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On the difference between ‘ought’ and ‘is’ (and getting from one to the other)

I went for a walk at the weekend through the woods near our house to clear my head. While avoiding slipping on the icy track I was struck by something that’s been percolating in my thoughts and conversations for a while. It’s embarrassingly simple, but important to me and hopefully worth sharing. It’s the difference between what is and what ought to be – and how we get from one to the other.

Let me explain.

Most of us believe that the way the world is differs from the way the world ought to be. This may be for many reasons – climate change, religion, how we educate young people, the government’s financial policy…. the list is endless. Consciously or unconsciously we tend to surround ourselves with people who think in a similar way to us. Our Circle of Concern grows wider.

The trouble is that all of us hold views of the world that are theory-laden. That is to say we perceive things through the lens of what ought to be. This, inevitably, leads to a situation where a person/group/state points to something as ‘evidence’ in support of their views. Meanwhile, another person/group/state points to the very same evidence in support of the exact opposite view.

A good example of this would be the current crisis with the National Health Service in the UK. Some point to this as evidence of an ideologically-motivated government de-funding public services. Others use it as an example of the shortcomings of socialised medicine. Each side ends up talking past one another as they have no common ground on which to debate. Not only do they use the same example to ‘prove’ different things, but they use the same words in different ways.

During my most recent self-imposed two month digital hiatus I became convinced that quite possibly spend the other 10 months of the year somewhat deluded. I’m almost certainly surrounding myself with people who live within what is quite a small bubble. While there are examples in history of small numbers of people effecting massive change (e.g. the Renaissance, the Bolshevik Revolution), most of the time change is s-l-o-w and comes from lots of groups of people coming into alignment. This takes time because the reasons for each group’s alignment depend on factors other than ‘evidence’.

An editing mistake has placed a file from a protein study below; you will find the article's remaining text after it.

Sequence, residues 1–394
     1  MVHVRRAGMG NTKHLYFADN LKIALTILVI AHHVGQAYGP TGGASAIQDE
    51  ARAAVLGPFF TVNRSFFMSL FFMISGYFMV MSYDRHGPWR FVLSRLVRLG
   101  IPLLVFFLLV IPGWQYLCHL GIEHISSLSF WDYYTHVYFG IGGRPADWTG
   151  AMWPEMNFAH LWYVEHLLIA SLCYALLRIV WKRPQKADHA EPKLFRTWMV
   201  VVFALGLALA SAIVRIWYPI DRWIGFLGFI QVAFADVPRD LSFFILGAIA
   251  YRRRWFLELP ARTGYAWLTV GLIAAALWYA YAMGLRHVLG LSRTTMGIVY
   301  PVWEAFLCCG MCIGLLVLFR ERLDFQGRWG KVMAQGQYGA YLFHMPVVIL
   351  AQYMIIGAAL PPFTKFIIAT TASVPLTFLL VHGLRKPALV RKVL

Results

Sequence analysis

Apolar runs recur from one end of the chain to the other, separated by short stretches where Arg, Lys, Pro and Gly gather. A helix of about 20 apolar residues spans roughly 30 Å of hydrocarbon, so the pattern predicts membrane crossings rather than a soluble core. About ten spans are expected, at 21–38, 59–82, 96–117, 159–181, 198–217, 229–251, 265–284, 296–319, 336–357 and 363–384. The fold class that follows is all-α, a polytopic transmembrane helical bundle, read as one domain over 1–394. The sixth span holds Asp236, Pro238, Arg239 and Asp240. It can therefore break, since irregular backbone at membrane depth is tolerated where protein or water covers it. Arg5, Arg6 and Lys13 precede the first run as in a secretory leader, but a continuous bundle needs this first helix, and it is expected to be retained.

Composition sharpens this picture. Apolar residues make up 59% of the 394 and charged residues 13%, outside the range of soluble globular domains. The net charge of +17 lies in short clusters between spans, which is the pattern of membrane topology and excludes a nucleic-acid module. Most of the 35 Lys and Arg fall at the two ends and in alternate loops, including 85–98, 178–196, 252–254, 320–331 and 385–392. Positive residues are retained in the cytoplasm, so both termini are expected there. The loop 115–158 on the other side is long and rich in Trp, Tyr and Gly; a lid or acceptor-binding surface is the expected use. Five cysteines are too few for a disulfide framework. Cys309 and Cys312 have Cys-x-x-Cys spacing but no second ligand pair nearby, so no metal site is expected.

“Good things happen slowly; bad things happen fast.” Finley Quaye

To my mind, meaningful change comes through people (and organisations) having a reason to change. They respond to ‘incentives’, loosely-defined. They change in accordance with their own version of reality, not by accepting others. Innovations, if not entirely in harmony, are seen to at least be non-threatening to their common beliefs. If it didn’t sound so mystical and new-age, I’d sum this up by saying change comes from within. There are many staging posts along the way to ‘enlightenment’.

I’m not sure whether any of this makes sense, but for me it’s going to mean a change. I’m kind of done with spending my life talking on all fronts about the way the world ought to be. I’m going to spend more of life enjoying the world as it is and being patient. Otherwise, I’m in very real danger of slowly turning into a Grumpy Old Man. And goodness knows there’s enough of those in the world.

Image CC BY-SA Luke McKernan

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